The History of the Society of St. Vincent de Paul
The Society of St. Vincent de Paul embraces the spirit, tradition, and spirituality of the Apostle of Charity and Father of the Poor: Saint Vincent de Paul.
The Society of St. Vincent de Paul was started in 1833 by Frederic Ozanam. A student at the School of Law in Sorbonne, France, Frédéric collaborated with Mr. Emmanuel Bailly, editor of the Tribune Catholique, in reviving a student organization which had been suspended during the revolutionary activity of July 1830. They called their new association "The Conference of History." And they met on Saturdays to discuss various topics, everything but polititcs. At one of their meetings, a student challenged Frédéric and the practicing Catholics. He admitted that the Catholic Church had done much good work in the past, but "what do you do now?"
On April 23, 1833, Frederic's 20th birthday, he called for a meeting of five of his friends. Inspired by their words, Frédéric decided to found the "Conference of Charity" to assist the poor. Emmanuel Bailly, the married layman, was chosen by the six students as their first President. In a short time, they changed their name to The Society of St. Vincent de Paul in honor of their patron. Today, the Society of St. Vincent de Paul has more than 750,000 active members in 142 countries.
St. Louis, Missouri
The Society of St. Vincent de Paul was established in St. Louis, Missouri at the Basilica of St. Louis, King of France, popularly called "The Old Cathedral," in 1845. Bishop Peter Richard Kenrick, successor of the first Bishop of St. Louis, Joseph Rosati, CM, asked Father Ambrose Heim to establish the Society of St. Vincent de Paul and be its Spiritual Advisor.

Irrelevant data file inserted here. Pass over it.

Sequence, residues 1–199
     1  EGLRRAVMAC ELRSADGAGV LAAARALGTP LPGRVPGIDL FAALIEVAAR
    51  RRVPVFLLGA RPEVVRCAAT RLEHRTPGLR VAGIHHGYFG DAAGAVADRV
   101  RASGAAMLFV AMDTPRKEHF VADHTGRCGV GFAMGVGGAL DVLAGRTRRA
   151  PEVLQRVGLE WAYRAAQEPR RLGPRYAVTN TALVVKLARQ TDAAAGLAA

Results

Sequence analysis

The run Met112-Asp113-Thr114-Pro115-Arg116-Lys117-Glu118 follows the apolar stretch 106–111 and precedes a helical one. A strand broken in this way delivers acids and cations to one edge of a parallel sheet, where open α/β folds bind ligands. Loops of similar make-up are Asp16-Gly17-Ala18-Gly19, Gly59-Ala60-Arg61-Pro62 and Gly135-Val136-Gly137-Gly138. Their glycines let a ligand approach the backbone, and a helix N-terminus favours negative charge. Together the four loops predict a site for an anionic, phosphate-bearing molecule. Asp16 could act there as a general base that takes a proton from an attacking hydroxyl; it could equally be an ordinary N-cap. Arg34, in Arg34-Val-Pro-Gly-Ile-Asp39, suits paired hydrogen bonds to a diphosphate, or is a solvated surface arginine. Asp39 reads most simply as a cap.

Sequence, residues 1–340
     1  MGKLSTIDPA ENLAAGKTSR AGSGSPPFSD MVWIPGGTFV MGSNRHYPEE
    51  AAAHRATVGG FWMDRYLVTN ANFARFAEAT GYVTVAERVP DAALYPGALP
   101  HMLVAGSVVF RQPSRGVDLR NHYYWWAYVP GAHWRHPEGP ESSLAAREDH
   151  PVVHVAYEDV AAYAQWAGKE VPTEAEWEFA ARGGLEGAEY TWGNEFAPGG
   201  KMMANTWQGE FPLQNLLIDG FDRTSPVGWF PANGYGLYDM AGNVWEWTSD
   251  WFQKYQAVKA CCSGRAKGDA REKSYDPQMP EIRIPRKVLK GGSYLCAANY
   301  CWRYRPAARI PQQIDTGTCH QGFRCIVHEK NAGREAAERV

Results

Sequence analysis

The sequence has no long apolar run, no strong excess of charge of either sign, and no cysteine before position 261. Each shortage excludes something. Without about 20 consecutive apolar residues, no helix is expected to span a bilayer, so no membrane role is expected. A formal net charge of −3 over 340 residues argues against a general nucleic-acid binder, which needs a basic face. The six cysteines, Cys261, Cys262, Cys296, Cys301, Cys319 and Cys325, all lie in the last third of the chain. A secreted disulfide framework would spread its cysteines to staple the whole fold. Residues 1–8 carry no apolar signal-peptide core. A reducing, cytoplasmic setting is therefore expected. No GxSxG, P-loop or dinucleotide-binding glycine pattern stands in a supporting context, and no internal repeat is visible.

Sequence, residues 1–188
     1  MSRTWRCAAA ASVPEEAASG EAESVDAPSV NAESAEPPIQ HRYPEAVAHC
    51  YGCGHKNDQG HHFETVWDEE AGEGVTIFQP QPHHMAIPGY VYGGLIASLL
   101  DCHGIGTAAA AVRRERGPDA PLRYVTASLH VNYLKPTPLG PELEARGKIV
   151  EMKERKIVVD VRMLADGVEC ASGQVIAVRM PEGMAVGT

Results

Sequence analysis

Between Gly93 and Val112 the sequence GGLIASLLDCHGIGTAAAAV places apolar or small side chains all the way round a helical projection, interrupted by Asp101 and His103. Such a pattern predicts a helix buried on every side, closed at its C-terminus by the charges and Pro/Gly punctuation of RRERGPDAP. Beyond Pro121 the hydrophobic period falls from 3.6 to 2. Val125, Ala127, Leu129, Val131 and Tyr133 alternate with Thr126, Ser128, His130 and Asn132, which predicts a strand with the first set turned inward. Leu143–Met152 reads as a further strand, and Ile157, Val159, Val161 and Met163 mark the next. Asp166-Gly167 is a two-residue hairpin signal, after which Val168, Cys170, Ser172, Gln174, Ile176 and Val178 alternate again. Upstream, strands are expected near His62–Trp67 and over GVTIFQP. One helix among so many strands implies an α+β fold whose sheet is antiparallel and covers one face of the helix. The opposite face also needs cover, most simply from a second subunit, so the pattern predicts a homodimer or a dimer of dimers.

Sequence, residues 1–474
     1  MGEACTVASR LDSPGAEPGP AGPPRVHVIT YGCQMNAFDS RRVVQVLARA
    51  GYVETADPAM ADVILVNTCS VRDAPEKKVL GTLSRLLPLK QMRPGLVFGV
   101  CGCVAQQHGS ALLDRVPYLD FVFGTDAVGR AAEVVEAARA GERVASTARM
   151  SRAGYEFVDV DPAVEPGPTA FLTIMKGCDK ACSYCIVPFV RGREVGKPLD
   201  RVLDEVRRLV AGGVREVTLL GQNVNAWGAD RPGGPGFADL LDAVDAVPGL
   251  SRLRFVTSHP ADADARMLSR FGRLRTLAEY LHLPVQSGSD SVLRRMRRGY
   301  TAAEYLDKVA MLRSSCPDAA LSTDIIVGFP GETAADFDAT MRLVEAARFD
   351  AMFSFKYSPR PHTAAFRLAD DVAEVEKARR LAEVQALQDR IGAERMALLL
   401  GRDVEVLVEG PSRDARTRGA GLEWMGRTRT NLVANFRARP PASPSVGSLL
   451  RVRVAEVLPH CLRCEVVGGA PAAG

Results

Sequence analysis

The first meeting was held on November 20, 1845, only twelve years after its foundation in Paris. Nineteen of the most prominent Catholic laymen of St. Louis attended. Dr. Moses Linton was elected President; Bryan Mullanphy, Vice President; Dennis Galvin, Second Vice President; James Maguire Jr., Secretary; Patrick Ryder, Treasurer; and Fr. Ambrose Heim, Spiritual Advisor. The Conference was aggregated (formally recognized) by the Society's International Council in Paris on February 2, 1846.
Belleville Council, Illinois
The Belleville Council of the Society of St. Vincent de Paul was established in 1917 and serves the people of Southern Illinois in the Diocese of Belleville. It covers an area of 11,678 miles in the 28 southernmost counties in Illinois. According to the U.S. Census bureau, the 18 counties ranked highest in poverty in the State of Illinois are all located within our diocese. Our Council is composed of 19 parish based "Conferences" throughout the diocese that reach out to serve the poor. Last year, our active membership of 223 volunteers helped more than 32,000 individuals and donated more than 26,000 hours of service to the poor throughout Southern Illinois. In addition, our special works in East St. Louis reached out to the poorest of the poor 6 days a week to help more than 300 people a day with food, clothing, and other basic necessities essential to survival.
Our Vincentian Heritage seeks to identify us to Jesus Christ as "evangelizer of the poor" and challenges all members to work within the world of the poor to confront injustice and bring social and economic change and solutions.